With the two-year-old security loophole disclosed by Facebook last week, the social media giant has yet again been forced into the corner for toying with user privacy. This led to a massive backlash and several users even decided to delete their accounts. As a response to this, the 14-day grace period for the permanent deletion of an account has now been extended to 30 days.
So what’s going on?
When a user decides to delete their Facebook account, it doesn’t actually get deleted straight away. Instead, there’s a “grace period,” in which the account remains inactive but accessible, just in case the user gets cold feet and decides to stay on Facebook after all. Historically, that grace period has been 14 days, or two weeks. But Facebook has since decided to up it to 30 days, around a month.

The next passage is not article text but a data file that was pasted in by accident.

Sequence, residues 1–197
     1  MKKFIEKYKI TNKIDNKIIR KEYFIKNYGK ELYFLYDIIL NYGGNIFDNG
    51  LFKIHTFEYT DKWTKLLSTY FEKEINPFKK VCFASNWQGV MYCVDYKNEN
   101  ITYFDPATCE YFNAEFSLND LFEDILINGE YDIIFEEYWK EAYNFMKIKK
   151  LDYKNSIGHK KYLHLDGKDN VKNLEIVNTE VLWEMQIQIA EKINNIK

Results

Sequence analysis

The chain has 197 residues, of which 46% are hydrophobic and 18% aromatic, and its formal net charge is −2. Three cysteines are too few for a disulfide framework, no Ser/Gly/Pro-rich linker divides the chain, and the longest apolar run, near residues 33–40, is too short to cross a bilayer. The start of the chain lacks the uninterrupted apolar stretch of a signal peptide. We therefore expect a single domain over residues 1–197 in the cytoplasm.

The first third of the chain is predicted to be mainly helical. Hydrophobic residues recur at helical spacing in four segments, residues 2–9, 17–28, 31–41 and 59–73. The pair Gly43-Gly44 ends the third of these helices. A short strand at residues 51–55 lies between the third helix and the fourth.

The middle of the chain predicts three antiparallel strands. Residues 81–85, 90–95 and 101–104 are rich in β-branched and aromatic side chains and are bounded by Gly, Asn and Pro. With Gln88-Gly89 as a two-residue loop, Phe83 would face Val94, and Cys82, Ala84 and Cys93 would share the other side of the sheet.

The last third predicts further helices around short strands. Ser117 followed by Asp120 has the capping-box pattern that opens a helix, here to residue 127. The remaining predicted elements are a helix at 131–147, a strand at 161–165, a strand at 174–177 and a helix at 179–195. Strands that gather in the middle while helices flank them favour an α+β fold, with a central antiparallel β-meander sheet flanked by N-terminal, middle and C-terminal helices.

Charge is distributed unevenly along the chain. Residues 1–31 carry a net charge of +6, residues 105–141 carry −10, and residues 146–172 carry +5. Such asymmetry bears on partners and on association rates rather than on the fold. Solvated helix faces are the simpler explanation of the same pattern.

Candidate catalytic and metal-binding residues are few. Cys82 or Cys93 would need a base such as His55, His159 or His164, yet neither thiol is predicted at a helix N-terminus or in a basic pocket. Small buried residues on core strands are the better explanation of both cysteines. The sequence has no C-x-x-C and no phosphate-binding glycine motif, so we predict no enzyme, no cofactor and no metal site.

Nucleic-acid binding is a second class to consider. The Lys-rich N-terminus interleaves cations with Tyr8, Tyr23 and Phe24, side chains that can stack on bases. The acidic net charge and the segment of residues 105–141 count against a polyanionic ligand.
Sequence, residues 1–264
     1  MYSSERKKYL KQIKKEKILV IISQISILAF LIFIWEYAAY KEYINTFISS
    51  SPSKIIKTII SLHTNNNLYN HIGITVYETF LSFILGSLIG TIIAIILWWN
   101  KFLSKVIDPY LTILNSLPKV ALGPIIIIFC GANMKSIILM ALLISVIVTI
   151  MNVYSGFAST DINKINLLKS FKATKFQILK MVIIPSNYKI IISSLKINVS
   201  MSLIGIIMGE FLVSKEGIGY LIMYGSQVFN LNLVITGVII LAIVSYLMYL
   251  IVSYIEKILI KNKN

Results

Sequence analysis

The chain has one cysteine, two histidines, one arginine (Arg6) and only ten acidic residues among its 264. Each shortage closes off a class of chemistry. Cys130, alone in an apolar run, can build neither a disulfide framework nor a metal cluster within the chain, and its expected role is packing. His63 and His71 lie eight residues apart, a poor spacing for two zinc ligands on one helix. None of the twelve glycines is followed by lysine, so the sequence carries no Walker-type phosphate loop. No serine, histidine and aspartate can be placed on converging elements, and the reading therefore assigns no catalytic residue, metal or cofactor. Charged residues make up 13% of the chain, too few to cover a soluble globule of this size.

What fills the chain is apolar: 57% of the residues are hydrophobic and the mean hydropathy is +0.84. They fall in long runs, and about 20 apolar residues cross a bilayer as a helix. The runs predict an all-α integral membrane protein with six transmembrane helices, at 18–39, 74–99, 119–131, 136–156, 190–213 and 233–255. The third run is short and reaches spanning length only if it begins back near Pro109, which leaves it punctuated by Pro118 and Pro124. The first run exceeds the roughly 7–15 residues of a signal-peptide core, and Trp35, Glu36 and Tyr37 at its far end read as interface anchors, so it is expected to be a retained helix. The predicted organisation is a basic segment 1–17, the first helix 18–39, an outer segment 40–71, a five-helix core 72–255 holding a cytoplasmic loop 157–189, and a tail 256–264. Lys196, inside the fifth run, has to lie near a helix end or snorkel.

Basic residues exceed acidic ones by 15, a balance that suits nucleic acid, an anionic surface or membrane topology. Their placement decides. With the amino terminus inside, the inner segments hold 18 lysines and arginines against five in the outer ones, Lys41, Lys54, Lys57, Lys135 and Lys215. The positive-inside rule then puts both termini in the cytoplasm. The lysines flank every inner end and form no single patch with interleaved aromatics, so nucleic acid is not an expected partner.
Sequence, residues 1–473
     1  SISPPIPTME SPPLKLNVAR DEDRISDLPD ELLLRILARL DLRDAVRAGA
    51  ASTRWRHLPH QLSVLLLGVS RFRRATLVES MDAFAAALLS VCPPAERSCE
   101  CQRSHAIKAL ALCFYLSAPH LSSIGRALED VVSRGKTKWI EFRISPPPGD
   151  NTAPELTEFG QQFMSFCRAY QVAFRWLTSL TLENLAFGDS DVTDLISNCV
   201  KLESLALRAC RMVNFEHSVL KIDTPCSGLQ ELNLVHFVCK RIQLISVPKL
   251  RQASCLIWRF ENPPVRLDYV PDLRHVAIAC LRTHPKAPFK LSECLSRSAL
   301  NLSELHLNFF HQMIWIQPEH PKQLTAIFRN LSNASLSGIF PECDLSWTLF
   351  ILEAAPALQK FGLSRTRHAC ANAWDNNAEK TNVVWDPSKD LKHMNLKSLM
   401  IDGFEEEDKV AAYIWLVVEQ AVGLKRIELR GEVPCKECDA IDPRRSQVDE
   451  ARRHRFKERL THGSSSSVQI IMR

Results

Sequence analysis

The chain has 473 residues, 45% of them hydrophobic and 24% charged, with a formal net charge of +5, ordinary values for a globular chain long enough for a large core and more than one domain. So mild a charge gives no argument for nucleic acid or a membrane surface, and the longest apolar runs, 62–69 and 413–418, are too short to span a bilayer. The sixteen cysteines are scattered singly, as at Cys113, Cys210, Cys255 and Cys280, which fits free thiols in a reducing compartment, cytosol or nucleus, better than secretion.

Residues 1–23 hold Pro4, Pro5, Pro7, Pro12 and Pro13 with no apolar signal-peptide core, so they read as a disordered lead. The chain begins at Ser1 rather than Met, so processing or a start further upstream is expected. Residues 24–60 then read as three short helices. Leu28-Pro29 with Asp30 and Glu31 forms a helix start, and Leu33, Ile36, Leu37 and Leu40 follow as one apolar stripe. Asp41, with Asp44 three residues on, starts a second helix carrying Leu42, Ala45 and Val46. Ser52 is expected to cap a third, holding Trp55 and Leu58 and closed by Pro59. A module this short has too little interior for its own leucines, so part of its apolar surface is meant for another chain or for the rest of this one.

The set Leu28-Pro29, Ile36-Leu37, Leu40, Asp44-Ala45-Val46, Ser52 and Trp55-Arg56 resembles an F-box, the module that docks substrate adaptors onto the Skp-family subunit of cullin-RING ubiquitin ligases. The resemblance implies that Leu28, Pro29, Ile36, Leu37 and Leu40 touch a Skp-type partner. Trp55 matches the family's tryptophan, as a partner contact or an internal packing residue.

In light of recent events, this policy change doesn’t come as much of a surprise. Facebook is obviously worried about losing its user base after the privacy scandal and security breach. It’s the only possible explanation for the company to extend the duration you are allotted to rethink your decision and hop back on to the platform.
Of course, a longer grace period is also to Facebook’s advantage. Facebook’s value is tied to its massive number of users, so anything it can do to keep that number from declining, including doubling the time for someone to reconsider quitting, is a good thing for business.